Don’t think Twice is a movie about a New York improv group called The Commune. Commune members Miles, Samantha, Jack, Allison, Bill and Lindsay invent comedy without a script and without a net. They’re clever, fast, and spontaneous – building on each others’ ideas like best friends – or coaching partners.
While Don’t Think Twice is about what fame does to relationships, it’s also a celebration of improv. At the beginning of the film, the cast lays out the Improv’s three rules:
First: Say yes, meaning buy into whatever reality your partner presents you with.
Second: Remember that it’s all about the group, not about you.
And finally: Don’t think. Get out of your head. Live in the moment.
All good advice — onstage, or off but especially helpful to coaches. Improvisation is theater without a script. It can feel out of control. Here there is a real correlation to coaching which can also feel out of control. After all there is no script, each client is different and each conversation unique. Sounds pretty scary until, like the audience in an improve show, you come to relish the surprise and spontaneity of coaching and relax in to it. Saying YES to what ever the client brings to the table.
Some coaches try to maintain control by asking a series of questions that will lead the client to an answer. This is more like the coach’s agenda that the clients and by doing so the coach cannot actively listen and respond in the moment- often missing the underlying reasons behind the client’s challenge. Being 100% present for a client requires the coach to let go and enjoy the not knowing what’s coming next!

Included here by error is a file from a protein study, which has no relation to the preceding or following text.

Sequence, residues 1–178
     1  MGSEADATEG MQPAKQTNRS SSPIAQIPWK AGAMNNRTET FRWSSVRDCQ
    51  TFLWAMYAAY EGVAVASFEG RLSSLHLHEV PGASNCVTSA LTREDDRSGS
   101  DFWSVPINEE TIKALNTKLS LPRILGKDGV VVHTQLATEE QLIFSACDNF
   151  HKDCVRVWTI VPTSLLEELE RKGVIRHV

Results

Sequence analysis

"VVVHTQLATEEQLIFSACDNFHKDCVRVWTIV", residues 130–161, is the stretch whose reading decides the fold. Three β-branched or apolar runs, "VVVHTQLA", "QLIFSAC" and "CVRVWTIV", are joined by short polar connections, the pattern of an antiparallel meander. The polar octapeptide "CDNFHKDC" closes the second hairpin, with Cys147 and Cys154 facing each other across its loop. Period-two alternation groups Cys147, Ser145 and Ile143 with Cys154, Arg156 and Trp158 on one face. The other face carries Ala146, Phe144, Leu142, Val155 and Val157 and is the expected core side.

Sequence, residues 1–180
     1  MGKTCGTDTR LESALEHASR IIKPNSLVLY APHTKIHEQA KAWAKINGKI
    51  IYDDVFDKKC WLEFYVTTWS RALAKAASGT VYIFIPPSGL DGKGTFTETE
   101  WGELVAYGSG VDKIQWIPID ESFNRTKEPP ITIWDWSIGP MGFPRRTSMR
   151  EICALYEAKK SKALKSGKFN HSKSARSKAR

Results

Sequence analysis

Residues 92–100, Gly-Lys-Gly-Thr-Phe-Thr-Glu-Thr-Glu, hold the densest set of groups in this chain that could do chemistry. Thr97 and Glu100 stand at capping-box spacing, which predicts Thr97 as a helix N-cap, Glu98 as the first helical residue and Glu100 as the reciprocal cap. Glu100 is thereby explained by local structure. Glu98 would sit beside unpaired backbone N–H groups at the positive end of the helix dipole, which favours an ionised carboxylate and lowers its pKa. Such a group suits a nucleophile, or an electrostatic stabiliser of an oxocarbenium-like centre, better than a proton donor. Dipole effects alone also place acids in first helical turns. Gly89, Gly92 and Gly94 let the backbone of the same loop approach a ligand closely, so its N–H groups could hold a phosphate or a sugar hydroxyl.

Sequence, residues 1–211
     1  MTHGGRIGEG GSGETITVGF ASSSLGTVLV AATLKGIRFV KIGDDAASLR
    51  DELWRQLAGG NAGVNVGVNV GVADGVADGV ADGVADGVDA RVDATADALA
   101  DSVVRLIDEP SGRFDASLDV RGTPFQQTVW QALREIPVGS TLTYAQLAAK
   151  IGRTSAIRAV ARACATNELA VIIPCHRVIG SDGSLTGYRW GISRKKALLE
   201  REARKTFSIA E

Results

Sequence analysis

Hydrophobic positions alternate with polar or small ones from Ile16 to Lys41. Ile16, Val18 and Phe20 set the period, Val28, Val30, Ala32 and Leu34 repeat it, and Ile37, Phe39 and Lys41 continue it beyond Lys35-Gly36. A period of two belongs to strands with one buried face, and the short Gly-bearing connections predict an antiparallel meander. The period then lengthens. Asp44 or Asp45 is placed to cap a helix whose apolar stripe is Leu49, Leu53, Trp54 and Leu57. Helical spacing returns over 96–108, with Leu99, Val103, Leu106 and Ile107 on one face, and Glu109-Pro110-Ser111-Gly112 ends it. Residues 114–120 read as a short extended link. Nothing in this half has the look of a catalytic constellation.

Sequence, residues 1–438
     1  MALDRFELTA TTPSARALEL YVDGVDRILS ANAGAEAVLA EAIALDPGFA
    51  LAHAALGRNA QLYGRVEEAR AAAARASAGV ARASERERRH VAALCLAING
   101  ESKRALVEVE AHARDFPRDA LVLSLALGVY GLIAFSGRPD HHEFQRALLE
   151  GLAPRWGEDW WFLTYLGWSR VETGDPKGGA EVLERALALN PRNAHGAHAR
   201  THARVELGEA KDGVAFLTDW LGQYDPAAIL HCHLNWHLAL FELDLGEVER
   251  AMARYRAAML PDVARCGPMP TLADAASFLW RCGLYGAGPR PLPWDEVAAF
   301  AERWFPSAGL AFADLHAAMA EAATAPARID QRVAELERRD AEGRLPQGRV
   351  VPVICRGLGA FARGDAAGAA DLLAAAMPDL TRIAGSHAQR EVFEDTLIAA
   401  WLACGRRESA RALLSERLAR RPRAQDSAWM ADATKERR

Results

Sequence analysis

Let’s take a closer look at the 3 improv techniques mentioned in the movie and apply them to coaching:
- Say Yes. In improve actors give up control by listening and responding with “yes, and…” to build on what was said. Coaches can practice following together by using “Yes, and…” with their questions. Ask questions that flow from what the client just said. Each question organically builds the conversation. Improv is completely unscripted with no memorized lines. There’s no planning ahead or, as in coaching, list of powerful questions or responses. In coaching, we spend many hours learning how to stop thinking ahead and instead purely listen. And then we take what the client has revealed and we go with it - saying yes and being curious about the client’s situation and perspective.
- Follow Together.No one leads an improv scene. Neither actor knows where the scene is going. They are following together. Each simultaneously follows and leads the other. This requires presence in the moment an essential skill for coaches for work in conjunction with their partner to create a path forward. Neither coach nor client is fully leading at any given moment. Instead there’s a back and forth flow of conversation – a seamless co creative process that produces real results.
- Don’t think. In improve the actors cannot try and be funny. Looking for opportunities to be funny distract them from being present and listening. In improv the actors set the scene together and explore to discover what is funny. The “funny” out of this collective effort. It's the same in coaching. We want to be helpful. We want the questions we ask to create a new awareness for our clients but if we try and do this the result is often a frustrated coach and maybe even a frustrated client. Don’t think about making the coaching powerful. Just coach. Listen carefully, lean into what your client is saying and not saying, then be curious. Think about what questions you have after listening deeply to your client’s “scene.” When we do this, working with the client in this way, the solution will present itself.